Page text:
A British security company with a $292 million American contract to protect aid officials and contractors in Iraq failed to ensure weapons training for its agents and did not properly assess Iraqi guards for loyalty, United States federal monitors reported Friday.
The audit report, released by the Office of the Special Inspector General for Iraq Reconstruction, said the company, Aegis Defense Services Ltd., had not complied with several parts of its contract, but the deficiencies were being corrected.
Under its three-year contract, awarded in May 2004, Aegis was to protect American aid officials and help coordinate the dozens of other private security companies hired by corporate contractors.
The report also criticized American officials for poor initial oversight of Aegis. But it said no evidence existed that the company had billed the United States for any services it had not performed.
The report appeared in a disastrous week for foreign security companies in Iraq, which are often targets of the insurgency.
On Thursday, one employee of Aegis was killed and another wounded by a bomb along the road to the Baghdad airport. The same day, six Americans and two Fijians employed by Blackwater Security Consulting were killed, with three Bulgarian pilots, when their helicopter crashed north of Baghdad, apparently hit by a rocket. Another Blackwater employee was killed Thursday in Ramadi. On Wednesday, three Western workers of a different British security company were killed by small-arms fire on the Baghdad airport road.
Beyond guarding American aid officials, Aegis e-mails reports on bombings, attacks on convoys and other incidents to security companies in Iraq, to help them plan contractors' travel. But Aegis has never assumed the central coordinating role that some officials once envisioned.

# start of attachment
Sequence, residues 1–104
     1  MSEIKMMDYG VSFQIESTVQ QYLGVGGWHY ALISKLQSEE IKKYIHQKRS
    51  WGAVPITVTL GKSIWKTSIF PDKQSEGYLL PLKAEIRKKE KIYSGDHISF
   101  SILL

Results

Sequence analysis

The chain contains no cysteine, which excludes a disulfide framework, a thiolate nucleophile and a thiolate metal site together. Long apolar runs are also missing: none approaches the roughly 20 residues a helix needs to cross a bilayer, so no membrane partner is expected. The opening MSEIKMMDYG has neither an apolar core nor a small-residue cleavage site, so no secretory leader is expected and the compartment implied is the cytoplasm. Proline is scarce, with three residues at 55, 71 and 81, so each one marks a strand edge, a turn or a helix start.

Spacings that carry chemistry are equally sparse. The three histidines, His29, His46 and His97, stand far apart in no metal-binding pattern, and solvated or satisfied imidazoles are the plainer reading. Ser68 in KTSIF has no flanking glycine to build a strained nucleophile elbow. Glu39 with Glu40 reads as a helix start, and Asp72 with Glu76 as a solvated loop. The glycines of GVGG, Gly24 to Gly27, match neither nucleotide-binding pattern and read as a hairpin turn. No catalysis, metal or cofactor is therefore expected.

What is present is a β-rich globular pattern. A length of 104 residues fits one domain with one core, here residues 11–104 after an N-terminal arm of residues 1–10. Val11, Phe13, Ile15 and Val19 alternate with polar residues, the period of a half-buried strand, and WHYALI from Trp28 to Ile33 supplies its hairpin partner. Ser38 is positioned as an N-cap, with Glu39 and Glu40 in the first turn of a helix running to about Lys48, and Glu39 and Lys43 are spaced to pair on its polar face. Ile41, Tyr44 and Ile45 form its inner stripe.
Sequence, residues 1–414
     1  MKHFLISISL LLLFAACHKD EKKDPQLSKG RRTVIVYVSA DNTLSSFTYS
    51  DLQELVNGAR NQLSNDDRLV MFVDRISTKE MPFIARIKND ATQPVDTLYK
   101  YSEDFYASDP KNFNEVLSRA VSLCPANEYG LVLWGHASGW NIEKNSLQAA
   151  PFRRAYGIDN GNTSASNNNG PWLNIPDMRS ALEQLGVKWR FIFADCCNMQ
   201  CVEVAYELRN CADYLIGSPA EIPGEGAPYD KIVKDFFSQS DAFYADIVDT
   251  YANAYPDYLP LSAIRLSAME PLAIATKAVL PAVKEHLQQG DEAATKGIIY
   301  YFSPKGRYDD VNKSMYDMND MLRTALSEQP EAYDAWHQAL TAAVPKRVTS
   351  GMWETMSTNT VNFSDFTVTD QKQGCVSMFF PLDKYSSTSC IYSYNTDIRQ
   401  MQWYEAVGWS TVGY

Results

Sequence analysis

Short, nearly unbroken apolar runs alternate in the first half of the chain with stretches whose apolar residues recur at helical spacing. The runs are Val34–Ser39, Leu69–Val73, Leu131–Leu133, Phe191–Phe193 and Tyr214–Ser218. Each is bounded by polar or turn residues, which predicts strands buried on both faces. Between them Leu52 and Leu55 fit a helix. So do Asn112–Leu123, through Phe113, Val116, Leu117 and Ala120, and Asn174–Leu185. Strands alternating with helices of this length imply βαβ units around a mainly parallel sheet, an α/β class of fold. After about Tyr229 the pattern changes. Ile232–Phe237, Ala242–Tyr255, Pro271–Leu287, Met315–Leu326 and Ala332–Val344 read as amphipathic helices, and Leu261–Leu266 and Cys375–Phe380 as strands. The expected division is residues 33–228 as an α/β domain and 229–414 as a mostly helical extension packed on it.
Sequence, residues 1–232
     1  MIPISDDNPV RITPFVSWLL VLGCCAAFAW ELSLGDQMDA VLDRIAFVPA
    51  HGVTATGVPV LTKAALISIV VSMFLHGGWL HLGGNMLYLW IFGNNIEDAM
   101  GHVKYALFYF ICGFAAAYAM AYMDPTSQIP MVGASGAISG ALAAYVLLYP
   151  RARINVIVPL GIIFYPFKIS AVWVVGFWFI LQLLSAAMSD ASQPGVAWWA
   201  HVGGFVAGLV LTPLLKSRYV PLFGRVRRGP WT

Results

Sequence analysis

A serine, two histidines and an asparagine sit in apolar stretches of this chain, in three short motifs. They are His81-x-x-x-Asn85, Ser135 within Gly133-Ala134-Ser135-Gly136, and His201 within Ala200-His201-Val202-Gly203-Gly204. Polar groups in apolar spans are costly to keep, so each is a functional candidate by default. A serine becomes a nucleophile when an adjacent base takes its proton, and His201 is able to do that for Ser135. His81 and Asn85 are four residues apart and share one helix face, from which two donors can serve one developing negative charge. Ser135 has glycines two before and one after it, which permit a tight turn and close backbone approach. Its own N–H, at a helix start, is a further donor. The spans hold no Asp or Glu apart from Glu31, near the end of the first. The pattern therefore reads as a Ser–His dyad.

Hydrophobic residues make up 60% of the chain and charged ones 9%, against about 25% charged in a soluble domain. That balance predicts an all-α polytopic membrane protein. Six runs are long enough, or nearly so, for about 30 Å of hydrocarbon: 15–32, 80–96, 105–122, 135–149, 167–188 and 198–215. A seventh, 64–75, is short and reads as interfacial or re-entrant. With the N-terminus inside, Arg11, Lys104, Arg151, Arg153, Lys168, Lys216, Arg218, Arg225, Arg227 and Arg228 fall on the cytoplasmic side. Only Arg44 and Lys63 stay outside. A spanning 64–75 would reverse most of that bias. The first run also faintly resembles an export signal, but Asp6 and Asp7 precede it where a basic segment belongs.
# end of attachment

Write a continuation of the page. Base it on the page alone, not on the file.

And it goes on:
Some parts of the original contract, the company asserted and American officials agreed, were unrealistic or out of date and were being altered. For example, aid officials have dropped the unmet requirement that Aegis teams be trained for hostage rescue and biological and chemical warfare.
The auditors said there was no evidence that many Aegis guards had proper training with the weapons they had received, mainly AK-47 rifles. The company said training teams were not in place until late 2004, but American officials say the problem has largely been solved.
The contract required detailed vetting of Iraqis hired as guards, including background checks with the police. Aid officials now agree that police checks are unrealistic because of the disorganization and the insurgents' infiltration of the local police. Since December, aid officials say, a new vetting procedure has been used.
The State Department office charged with supervising Aegis, the Project and Contracting Office, administers about 6,500 reconstruction contracts, and the federal auditors said its staff was far too small to provide oversight.